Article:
By Chang Dong-woo
SEOUL, Nov. 5 (Yonhap) -- Since the creation of Mnet's "Superstar K" in 2009, TV audition shows have made deep imprints in TV programming and the music industry.
"Produce 101" has fueled demand for new idol talents by giving birth to I.O.I and Wanna One, two of K-pop's biggest breakout stars in recent years. The recent launches of "The Unit" by KBS and "Mix Nine" by JTBC suggest the genre will continue to drive TV ratings.
On the surface, it seems like a win-win situation for all players -- TV networks, entertainers and management agencies -- as the programs effectively grow K-pop's overall business pie. But a closer look reveals an intense turf war being fought over control and profit.
On the heels of Wanna One's successful debut in August, trade groups representing key sectors in music -- the Korea Management Federation, the Korea Music Content Industry Association and the Korea Entertainment Producer's Association -- have issued a joint statement disapproving audition programs that lead to the monopolization of related businesses.
Audition programs have existed long before "Produce 101," but the difference nowadays is that the networks are not only unearthing and introducing new talents, they are actively seeking additional profit by also managing the newly discovered stars -- everything from records production and merchandise to concerts.
The music industry's beef, specifically with "Produce 101," lies within the contract provision between CJ E&M, which owns and operates the TV brand, and companies representing Wanna One's individual members. The deals require agencies to relinquish control over the stars until Dec. 31, 2018, when the project team disbands.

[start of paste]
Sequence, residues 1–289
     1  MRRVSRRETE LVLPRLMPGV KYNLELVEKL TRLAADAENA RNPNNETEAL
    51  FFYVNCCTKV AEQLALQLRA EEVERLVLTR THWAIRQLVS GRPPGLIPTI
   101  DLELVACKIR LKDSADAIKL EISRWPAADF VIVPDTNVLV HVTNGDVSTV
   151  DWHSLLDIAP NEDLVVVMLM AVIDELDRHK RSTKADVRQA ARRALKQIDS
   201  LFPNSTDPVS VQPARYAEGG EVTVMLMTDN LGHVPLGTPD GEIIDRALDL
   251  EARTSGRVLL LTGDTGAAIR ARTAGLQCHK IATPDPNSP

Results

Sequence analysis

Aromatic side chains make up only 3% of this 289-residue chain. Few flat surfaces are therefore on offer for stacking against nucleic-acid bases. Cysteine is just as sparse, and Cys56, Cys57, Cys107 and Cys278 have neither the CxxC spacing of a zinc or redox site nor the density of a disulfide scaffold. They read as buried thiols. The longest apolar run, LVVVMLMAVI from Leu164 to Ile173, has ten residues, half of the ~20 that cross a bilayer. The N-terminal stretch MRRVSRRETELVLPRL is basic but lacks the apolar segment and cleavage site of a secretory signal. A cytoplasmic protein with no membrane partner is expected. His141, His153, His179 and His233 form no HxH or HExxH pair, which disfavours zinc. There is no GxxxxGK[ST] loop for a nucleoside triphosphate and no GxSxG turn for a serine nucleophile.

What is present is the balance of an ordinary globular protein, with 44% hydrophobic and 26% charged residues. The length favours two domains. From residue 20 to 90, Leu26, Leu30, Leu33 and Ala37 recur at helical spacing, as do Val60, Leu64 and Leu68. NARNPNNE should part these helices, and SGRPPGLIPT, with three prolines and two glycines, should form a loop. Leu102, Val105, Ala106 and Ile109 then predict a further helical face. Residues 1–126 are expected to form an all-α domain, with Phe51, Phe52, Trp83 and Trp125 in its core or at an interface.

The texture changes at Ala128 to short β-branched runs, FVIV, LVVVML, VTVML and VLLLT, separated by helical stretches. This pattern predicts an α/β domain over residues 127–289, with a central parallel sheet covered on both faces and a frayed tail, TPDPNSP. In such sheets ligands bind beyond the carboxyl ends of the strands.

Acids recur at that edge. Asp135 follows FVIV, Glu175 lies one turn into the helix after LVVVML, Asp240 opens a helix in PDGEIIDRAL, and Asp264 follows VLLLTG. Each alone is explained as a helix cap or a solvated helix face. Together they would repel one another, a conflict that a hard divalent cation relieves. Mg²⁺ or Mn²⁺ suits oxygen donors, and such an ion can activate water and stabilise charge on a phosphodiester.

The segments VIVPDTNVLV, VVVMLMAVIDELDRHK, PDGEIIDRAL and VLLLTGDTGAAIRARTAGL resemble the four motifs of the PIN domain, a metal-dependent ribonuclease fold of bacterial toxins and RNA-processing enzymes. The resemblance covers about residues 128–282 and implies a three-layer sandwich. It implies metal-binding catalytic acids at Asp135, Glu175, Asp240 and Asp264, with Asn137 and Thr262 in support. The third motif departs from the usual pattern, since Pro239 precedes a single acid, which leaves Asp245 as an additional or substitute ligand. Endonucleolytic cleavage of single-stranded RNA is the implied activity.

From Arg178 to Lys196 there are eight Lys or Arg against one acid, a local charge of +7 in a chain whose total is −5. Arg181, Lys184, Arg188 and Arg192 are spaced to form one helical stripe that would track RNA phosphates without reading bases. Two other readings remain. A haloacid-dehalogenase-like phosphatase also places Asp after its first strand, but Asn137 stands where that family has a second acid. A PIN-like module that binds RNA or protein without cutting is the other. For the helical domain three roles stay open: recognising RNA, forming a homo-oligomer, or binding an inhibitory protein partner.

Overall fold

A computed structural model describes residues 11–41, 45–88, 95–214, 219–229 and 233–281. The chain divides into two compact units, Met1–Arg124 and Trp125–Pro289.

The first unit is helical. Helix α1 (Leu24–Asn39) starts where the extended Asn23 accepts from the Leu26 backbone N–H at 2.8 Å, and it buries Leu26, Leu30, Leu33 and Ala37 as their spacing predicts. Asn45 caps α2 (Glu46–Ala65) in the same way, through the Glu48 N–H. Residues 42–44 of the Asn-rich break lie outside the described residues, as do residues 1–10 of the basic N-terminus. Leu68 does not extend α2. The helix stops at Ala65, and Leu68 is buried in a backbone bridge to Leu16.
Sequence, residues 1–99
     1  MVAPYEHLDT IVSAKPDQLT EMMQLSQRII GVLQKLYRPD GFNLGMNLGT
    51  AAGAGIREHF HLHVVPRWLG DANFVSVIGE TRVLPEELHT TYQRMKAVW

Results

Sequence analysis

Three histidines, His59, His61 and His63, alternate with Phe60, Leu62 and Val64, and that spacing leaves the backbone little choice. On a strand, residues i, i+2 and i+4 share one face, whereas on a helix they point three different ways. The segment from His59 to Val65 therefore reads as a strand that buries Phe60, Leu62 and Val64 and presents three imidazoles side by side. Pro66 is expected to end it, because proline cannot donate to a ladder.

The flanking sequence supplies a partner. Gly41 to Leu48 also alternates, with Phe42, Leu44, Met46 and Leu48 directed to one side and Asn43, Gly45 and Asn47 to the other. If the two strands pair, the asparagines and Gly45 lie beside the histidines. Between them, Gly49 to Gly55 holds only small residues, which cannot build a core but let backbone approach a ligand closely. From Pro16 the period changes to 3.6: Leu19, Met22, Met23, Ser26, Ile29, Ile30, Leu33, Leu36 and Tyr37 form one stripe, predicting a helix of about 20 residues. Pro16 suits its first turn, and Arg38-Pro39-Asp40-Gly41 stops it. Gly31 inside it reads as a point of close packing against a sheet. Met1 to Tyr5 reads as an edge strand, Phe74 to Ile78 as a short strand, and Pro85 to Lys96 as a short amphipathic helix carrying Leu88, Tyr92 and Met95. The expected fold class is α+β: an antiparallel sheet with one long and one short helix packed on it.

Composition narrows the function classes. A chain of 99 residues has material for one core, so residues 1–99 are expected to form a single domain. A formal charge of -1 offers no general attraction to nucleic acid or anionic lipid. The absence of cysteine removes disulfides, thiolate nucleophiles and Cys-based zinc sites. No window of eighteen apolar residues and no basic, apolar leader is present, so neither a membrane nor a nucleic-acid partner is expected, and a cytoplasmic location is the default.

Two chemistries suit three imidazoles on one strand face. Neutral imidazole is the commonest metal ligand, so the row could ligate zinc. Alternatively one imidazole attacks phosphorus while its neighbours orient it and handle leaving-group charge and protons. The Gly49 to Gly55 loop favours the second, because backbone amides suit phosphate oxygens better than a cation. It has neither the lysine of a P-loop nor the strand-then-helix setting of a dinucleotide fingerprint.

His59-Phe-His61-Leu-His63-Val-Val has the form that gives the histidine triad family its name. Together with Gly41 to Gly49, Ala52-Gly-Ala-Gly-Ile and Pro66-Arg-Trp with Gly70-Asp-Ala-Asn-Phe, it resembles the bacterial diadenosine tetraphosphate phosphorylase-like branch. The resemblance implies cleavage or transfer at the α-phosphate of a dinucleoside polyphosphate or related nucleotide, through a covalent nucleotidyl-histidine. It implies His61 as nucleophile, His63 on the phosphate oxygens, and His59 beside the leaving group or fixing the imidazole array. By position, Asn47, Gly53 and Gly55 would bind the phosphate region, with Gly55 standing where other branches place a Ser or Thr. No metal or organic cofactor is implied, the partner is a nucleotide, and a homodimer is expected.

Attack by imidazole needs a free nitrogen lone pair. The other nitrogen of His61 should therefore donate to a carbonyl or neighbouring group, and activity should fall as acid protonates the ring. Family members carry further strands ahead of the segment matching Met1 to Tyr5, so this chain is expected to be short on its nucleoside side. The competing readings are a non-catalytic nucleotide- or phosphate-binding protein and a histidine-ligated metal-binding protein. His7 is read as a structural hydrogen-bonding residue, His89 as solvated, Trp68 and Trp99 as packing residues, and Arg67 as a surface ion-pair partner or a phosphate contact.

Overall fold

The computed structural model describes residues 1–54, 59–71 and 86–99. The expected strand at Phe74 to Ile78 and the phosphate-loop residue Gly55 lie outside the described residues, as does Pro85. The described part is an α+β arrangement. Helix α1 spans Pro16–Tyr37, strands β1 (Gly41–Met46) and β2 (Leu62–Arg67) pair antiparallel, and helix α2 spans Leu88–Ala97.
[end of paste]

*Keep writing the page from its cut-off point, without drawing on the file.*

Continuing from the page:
The duration of Wanna One's contract is about three times longer than that of I.O.I's, which was a little over six months.
This provision is undoubtedly hard to swallow for the talent agencies, having invested a fortune in nurturing their talents only to see CJ (the day-to-day management has been outsourced to YMC Entertainment) take complete control of their stars.
The profit-sharing scheme has also been called into question. Under the contracts, CJ gets 25 percent, YMC takes another 25 percent, and the remaining 50 percent is split among the 11 members and their respective companies.
"Unlike the show's aim of providing fair opportunities for diverse trainees, the intent is focused on maximizing profit for the network. Fairness and the public good become undermined and could lead to a withering of the music industry from the expansion of unfair deals," the trade groups said.
Opponents of the TV stations jumping into the management industry are also wary of the enormous sway television has on the chart race. Wanna One's debut album released in August has sold over 700,000 copies to date, becoming one of the biggest selling albums in 2017. The lead song, "Energetic," shot to No. 1 on major streaming charts just hours after being released.
CJ's new-found success in the idol management business has raised red flags among small management companies, especially in light of how the group has amassed unmatchable influence in the movie business. CJ is involved in film production and also distribution through CJ CGV, the country's largest multiplex chain.
"The traditional role of television is to reflect and introduce the latest trends in pop culture. TV stations themselves becoming players in the music business creates conflict of interests and is worthy of criticism," said Im Jin-mo, a Seoul-based music critic.
The terms of contract for "The Unit" and "Mix Nine" aren't that much different from that of "Produce 101." According to music industry sources, the final survivors of the two shows will take 50 percent of all music-related revenue, which will be evenly distributed among individual members and their companies.
KBS, through a third-party agency, will reportedly manage the project group for six months. After six months, the stars will return to their respective companies but will be obliged to appear in KBS TV shows for an additional seven months. Final survivors of "Mix Nine" will be reportedly managed by YG Entertainment for four months and are expected to appear in 15 concerts produced by YG within one year.
The management industry at large is expected to engage in collective bargaining if another show is produced, possibly the third season of "Produce 101," under conditions that excessively undermine agencies' power over their stars.
"We have to coexist with the TV stations, but at the same time, we're trying to correct unfair practices. If TV stations enter the management business and pick their own stars and run their own businesses, who would want to join management agencies?" said Lee Nam-kyung, an official at the Korea Management Federation.